[2.9] Finally, though it is true that the [opponent] carries the burden of proof that an invention is insufficiently disclosed, there is no requirement that that proof take any particular form or that it conclusively demonstrate that adequate information is lacking in the patent. The latter requirement, proving that something is missing, would set a high standard indeed. The departure point for assessing sufficiency of disclosure is the legal presumption that a granted patent is sufficiently clear and complete, see in particular T 63/06 [3]. It is incumbent on an opponent to prove that that presumption is invalid. This depends on the strength of the presumption, normally determined by the amount of detail given in the patent on how to put the invention into practice. In the present case the information in the patent is scant, providing little or no practical detail regarding a central defining feature, which could have been illustrated by a single specific material combination. It therefore suffices when the [opponent] on the basis of arguments and/or documentary evidence is able to raise serious doubts with the Board regarding the feasibility of this feature for it to find the disclosure insufficient.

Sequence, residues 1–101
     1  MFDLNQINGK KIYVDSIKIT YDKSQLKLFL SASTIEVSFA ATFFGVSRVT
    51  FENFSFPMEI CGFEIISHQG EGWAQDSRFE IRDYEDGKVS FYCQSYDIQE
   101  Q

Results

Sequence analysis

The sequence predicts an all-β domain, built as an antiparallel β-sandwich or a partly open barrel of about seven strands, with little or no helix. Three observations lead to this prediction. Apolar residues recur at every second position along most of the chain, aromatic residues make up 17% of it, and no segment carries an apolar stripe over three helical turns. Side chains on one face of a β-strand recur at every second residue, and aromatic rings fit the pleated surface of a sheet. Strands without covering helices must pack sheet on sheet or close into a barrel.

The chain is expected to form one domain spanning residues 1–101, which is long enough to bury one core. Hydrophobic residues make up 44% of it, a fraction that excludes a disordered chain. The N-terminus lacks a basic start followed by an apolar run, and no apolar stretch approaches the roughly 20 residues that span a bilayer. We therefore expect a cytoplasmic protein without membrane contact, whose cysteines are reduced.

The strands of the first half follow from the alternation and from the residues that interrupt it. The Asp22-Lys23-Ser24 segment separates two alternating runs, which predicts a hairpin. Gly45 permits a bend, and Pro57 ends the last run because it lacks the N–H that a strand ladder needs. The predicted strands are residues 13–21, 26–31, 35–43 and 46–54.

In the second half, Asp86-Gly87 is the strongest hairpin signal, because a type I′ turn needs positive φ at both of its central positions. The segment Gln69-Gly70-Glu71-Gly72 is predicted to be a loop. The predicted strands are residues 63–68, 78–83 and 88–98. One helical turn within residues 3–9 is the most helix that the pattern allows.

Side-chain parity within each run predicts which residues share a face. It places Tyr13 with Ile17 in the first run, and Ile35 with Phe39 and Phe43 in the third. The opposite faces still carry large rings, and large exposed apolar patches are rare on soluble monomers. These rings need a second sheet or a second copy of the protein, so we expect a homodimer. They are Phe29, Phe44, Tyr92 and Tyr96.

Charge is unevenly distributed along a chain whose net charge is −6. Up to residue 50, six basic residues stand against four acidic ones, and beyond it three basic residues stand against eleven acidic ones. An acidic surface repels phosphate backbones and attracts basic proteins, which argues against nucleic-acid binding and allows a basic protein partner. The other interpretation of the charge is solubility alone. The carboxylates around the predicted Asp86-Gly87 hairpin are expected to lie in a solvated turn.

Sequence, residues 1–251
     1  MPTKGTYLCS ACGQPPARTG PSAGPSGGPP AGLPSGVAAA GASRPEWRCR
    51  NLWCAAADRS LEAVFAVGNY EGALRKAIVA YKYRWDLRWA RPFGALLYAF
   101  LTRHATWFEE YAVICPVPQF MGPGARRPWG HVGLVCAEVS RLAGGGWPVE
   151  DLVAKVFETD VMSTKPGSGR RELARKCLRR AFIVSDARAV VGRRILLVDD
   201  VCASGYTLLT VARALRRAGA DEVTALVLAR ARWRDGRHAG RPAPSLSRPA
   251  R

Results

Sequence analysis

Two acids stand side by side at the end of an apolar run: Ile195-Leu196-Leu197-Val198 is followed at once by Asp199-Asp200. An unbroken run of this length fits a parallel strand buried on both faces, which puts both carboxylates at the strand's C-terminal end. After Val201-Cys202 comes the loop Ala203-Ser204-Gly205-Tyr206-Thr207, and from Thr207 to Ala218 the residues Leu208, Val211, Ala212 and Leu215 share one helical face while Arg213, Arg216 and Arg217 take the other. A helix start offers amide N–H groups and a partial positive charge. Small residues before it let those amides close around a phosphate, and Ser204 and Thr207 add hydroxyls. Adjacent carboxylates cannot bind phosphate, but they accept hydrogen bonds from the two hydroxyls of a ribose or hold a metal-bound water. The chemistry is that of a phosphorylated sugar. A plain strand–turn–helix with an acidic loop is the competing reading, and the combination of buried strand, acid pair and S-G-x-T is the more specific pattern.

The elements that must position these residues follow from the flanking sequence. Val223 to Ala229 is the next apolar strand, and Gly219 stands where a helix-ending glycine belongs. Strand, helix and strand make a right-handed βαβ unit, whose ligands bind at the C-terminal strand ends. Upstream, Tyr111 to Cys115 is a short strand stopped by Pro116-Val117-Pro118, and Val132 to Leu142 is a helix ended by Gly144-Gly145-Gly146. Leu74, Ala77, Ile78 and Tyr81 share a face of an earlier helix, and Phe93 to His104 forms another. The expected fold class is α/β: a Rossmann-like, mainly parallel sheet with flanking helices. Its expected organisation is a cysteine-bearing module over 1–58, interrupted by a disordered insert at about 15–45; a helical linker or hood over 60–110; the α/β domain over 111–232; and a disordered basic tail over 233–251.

In the present case the [opponent’s] arguments based on D13/D14 have indeed raised such doubts, which the [patent proprietor’s] counterarguments and mention of Osen have been unable to dispel.

[3] The Board concludes that the invention is not disclosed sufficiently clearly and completely for it to be successfully carried out by the skilled person, A 100(b) and A 83. As the patent, taking into considerations the amendments proposed in all of the requests, fails to meet this fundamental requirement of the EPC, the Board must revoke the patent pursuant to A 101(3)(b).

Should you wish to download the whole decision, just click here.

The file wrapper can be found here.

NB: This decision has been commented on Le blog du droit européen des brevets some time ago (here).